Nobody contacts tech support when everything is going well. If all is working perfectly and there are no problems, there’s typically no need for assistance.
In many cases, the standard response to a tech support request might be to type out the steps needed to resolve a customer or colleague’s issue. However, the more complex the instructions, the more difficult it can be to write a response that’s easy to understand and follow.
Luckily, there’s a better way.
Screen capture can provide an easy-to-understand and often much faster way to convey that information. Let’s take a look at three reasons your tech support team should use screen capture to provide customer support.
1. Save time
Most people contact tech support as a last resort. They’ve already invested time in trying to resolve their problem, and the faster the resolution, the better. Nobody wants to sit on the phone or reply to an email to ask, “Where do I find that button?” or, “Can you remind me what I’m looking for?”
Instead, providing visual instructions can help prevent further frustration by helping your customer fix their problem quickly. And it’s not just faster and better for the customer! A tech support agent will save a significant amount of time by marking up a screenshot rather than typing a long email, and it saves the customer time by providing an easy-to-follow response. TechSmith’s tech support team uses Snagit to create screenshots, screencasts, and even an occasional GIF to show a process.
2. Eliminate confusion
When you show instead of tell, instructions are much more clear, which can prevent a lot of back-and-forth emails and follow-up questions. Visuals allow you to boil down your communication to what’s essential. Plus, according to research, people following directions with text and illustrations do 32% better than people following directions without illustrations.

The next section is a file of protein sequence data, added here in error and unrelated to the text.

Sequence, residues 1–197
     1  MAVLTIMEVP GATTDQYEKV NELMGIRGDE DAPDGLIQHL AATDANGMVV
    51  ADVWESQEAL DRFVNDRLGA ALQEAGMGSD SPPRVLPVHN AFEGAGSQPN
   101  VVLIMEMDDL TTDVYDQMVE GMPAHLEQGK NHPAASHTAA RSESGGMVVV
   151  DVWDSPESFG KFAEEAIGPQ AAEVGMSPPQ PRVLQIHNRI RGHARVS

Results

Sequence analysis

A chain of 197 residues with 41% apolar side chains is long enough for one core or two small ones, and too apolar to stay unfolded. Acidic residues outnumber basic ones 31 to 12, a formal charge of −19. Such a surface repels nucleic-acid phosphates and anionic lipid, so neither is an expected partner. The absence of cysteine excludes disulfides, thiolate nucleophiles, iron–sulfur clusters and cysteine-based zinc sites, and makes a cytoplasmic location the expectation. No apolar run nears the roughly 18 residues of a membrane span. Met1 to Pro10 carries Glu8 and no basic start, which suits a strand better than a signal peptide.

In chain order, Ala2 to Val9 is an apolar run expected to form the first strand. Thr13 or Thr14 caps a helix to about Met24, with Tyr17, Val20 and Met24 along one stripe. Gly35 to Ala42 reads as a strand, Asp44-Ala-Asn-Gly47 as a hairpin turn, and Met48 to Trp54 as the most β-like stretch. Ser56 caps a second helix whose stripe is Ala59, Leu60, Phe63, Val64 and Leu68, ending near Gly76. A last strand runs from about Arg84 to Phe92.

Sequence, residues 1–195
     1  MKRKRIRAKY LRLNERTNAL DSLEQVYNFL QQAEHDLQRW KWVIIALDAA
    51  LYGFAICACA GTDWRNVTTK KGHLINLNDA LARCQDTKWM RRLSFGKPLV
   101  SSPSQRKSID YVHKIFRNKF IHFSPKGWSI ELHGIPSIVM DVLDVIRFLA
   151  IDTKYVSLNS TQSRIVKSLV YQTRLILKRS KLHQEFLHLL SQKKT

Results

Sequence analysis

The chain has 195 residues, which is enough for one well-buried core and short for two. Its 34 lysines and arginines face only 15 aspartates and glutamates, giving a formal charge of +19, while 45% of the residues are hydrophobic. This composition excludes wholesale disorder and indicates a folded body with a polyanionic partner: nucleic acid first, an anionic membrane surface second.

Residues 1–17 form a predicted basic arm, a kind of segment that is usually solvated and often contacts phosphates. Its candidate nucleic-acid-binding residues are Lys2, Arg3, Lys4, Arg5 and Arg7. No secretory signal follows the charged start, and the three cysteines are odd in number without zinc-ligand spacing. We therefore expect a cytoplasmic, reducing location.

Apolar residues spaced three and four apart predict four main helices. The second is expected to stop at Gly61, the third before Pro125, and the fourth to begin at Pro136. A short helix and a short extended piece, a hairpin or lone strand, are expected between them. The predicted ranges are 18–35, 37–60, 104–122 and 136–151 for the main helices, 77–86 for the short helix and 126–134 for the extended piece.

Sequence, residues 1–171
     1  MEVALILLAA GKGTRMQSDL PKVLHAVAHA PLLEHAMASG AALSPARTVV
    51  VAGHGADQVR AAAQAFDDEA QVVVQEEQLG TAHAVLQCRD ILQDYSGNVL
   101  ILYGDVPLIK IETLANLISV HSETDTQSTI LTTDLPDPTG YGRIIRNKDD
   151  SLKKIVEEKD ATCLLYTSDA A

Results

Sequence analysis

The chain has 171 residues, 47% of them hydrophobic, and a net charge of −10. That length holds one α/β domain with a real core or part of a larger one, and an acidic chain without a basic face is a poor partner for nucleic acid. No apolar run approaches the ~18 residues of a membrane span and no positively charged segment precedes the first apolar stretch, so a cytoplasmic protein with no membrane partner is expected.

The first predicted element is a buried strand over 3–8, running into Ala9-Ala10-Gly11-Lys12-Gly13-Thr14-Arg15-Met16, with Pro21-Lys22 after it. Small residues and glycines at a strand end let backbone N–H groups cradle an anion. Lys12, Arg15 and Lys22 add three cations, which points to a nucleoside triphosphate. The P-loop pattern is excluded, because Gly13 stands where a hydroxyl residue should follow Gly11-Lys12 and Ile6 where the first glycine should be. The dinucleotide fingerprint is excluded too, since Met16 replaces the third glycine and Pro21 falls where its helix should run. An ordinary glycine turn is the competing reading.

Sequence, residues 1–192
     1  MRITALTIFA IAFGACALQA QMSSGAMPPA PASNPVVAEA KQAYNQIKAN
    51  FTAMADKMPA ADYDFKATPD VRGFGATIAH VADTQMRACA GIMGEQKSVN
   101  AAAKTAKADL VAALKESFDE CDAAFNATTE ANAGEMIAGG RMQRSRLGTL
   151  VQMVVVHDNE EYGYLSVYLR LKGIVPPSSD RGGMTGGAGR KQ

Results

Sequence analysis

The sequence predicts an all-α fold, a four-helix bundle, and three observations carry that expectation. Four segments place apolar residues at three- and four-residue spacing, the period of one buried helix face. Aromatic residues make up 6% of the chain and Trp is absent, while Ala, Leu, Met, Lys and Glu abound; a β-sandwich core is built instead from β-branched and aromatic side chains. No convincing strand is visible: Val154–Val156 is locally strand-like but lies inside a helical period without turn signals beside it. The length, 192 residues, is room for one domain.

3. Overcome language barriers
If your organization serves customers across multiple languages and cultures, effective communication can be even more challenging. While Google Translate is a good starting point for translingual communication, incorporating images into your tech support correspondence makes it easier to get the point across quickly and effectively — often with no text necessary. There is less risk of information getting lost in translation when you use a screenshot.
As an added bonus, if you use Snagit to create visuals for something a bit more permanent — like a knowledge base article as opposed to an email — you can easily create a localized version of your screenshot. Simply upload the translated text into Snagit, and easily create a new set of localized screenshots using the translation workflow feature.
You can also use Snagit’s simplify feature to create simplified user interface, or SUI, graphics to help break things down for those requesting support.
Bonus: Make a screen recording
While screen captures with markup can be great resources for tech support, a screen recording can be even better. Record a short video of yourself walking through the steps in real time, and narrate what you’re doing. That way, customers and coworkers can follow along step-by-step. For a great resource on how to make a screen recording, check out this blog post or the video below.
Summing it up
Using a screen capture tool to help with tech support is a great way to quickly and effectively provide assistance and ensure customer satisfaction. You’ll be able to prevent tons of wasted time and frustration for all parties involved, and customers will remember and appreciate your efforts!
Are you looking to start using screen capture to support your technical support team and customers? Download a free trial of Snagit and get started today!
Frequently asked questions:
Not at all! Snagit makes it easy to create explainer videos regardless of your video experience. Plus, Snagit offers a large library of tutorials that can help you out if you get stuck.
It’s up to you, but you want to make your content as easy as possible for the recipient to understand. If what you’re explaining is a bit of a longer or more complicated process, then a video walkthrough might be a lot easier to understand than a marked-up screenshot.